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November 19, 2002

Bus with disabled riders crashes into house

From: South Bend Tribune, IN
Nov. 19, 2002

No injuries reported; driver may have blacked out

Tribune Staff Writer

SOUTH BEND -- Mary D. Martin was sitting in her living room on Carroll Street on Monday afternoon, waiting for the Transpo bus to bring her son home from work, when she heard the unmistakable sound of a crash.

Frantic, she ran to the door and saw the bus, which had just plowed into a house across the street. Fearing the worst, Martin immediately ran to get her 40-year-old son and to check on the other men on the bus.

"I knew my son was on there, I had been waiting for him to get off like I always do. I ran to them and asked them if they were OK," she said.

Martin found all five men, with varying disabilities, still strapped in their seats and frightened.

A Transpo Access bus taking five handicapped men home from their job at Logan Industries crashed into a house Monday at 1508 S. Carroll St.

There were no injuries.

The driver of the bus apparently blacked out, according to the first witness at the scene.

Bus No. 9904, a smaller, modified Transpo bus, was southbound on Carroll Street when the bus left the left side of the narrow street and struck the porch of Melissa Falludd's house. It broke the gas meter attached to the house. No one was home at the time.

Lee Harper had just gotten out of his car in the same block and saw what happened.

"He ran over the curb, up the yard and hit the house," Harper said. "I told him, 'Turn the truck off! Turn the truck off!' He said, 'I can't. I've got to radio it in.' He said he blacked out and didn't know what happened. That's what he said.

"I thought he was going to pull over and let this guy off who lives across the street, like he does every day," Harper said. "But he kept going and hit this house."

Harper said he and the driver chose to leave the men on the bus until they could determine whether they had any injuries.

"I kept yelling, 'Let me get them off!' " Martin said. "They were sitting on a gas line. It could've been worse. We could've all been blown up."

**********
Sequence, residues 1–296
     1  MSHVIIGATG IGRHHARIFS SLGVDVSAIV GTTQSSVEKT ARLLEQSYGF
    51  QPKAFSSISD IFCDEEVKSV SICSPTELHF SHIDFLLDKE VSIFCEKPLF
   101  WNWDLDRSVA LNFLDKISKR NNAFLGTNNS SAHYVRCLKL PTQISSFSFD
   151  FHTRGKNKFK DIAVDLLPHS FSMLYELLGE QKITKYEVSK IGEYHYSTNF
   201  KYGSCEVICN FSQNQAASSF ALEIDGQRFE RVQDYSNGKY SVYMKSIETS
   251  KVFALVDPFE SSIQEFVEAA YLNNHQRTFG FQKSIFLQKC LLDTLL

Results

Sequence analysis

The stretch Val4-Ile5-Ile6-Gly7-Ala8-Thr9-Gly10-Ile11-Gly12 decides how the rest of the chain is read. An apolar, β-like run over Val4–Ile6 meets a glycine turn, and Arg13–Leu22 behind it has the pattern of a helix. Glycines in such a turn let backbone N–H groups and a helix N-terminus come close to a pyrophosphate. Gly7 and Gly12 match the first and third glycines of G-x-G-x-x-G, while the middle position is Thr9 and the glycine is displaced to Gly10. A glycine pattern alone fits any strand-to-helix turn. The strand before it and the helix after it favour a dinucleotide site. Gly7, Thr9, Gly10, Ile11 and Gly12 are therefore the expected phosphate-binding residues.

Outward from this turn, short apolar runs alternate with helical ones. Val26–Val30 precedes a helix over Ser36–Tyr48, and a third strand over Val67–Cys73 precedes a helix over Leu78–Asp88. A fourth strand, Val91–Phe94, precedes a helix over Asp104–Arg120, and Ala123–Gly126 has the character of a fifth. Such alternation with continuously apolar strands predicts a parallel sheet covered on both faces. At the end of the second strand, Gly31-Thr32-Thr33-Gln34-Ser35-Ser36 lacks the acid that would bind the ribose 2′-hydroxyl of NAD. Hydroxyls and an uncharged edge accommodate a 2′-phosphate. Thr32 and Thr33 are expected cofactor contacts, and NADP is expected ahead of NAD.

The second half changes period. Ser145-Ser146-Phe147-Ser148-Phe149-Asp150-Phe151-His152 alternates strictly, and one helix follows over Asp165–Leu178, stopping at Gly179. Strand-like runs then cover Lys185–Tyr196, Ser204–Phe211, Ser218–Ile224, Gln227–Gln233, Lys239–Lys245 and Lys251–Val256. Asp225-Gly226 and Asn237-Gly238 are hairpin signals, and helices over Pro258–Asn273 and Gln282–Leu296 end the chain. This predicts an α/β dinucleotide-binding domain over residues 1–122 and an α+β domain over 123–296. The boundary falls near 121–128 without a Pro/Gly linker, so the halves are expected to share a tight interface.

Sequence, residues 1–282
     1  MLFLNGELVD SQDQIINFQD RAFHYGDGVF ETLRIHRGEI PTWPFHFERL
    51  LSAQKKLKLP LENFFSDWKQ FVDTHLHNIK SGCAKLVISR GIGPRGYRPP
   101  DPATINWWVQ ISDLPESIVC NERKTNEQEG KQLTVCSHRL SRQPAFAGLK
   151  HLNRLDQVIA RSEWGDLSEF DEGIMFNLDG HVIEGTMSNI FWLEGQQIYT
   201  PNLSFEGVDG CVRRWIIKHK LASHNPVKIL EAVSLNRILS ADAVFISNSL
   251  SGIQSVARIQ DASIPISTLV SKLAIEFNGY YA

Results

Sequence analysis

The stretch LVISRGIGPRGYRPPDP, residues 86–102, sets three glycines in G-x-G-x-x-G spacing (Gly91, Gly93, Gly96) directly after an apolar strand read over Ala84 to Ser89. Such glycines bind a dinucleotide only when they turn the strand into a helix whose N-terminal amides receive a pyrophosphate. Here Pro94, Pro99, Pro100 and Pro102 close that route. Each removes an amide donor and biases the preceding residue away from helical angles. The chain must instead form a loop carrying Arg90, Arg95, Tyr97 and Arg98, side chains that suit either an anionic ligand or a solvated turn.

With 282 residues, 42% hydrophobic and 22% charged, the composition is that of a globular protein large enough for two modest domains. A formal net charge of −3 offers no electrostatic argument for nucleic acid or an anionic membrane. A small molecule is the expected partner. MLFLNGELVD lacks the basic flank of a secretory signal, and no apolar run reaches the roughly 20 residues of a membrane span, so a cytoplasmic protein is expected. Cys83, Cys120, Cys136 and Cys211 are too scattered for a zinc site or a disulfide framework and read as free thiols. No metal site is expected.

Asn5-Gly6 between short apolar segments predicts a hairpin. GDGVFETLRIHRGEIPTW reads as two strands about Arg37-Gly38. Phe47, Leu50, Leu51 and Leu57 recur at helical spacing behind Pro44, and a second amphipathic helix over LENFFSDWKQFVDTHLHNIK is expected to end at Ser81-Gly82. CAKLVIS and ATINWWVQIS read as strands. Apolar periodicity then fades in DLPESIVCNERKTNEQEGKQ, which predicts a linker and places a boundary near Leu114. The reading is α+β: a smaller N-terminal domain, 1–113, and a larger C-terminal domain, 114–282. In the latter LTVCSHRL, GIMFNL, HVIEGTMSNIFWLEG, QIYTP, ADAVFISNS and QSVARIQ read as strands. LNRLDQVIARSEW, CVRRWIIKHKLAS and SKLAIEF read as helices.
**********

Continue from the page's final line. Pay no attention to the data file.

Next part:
When police arrived within minutes, they escorted the men off the bus and directed them to Martin's home.

Martin's son, 40-year-old Carl Selmon, was on the bus. Although he's deaf and unable to speak, Selmon was able to communicate with his mother.

"He said he was really shook up and didn't know which way to go," Martin said on behalf of her son. "He said he cried, but he still wants to ride the bus so he can go to work."

Two other adult men, both with Down syndrome, said they were OK. They wouldn't leave the bus without their lunch bags and sat patiently at Martin's house until Transpo came with another bus for them.

Mary McLain, general manager of Transpo, said, "We're very glad there's no injuries. And needless to say, we're undertaking an investigation."

She said the driver will be required to undergo mental and physical evaluations, including screening for drugs and alcohol. A South Bend police officer at the scene said it did not appear that the driver was intoxicated.

Falludd said she had just left her house to pick up her children from day care.

When she rounded the corner on her way back, she was in shock. Falludd parked her car and ran toward the house, yelling and asking questions. "Oh, my God, is it my house? How'd he get up here? How'd this bus get up here?" she asked repeatedly. "I was only gone five minutes."

"This is like a surprise," she said excitedly. "It's shocking to me! A Transpo bus is in the house!"

After she calmed down a little, Falludd said, "I'm still trying to figure out how he got up there. We weren't in the house, and I'm glad. It would've scared me half to death."

"I'm a mess," she said.

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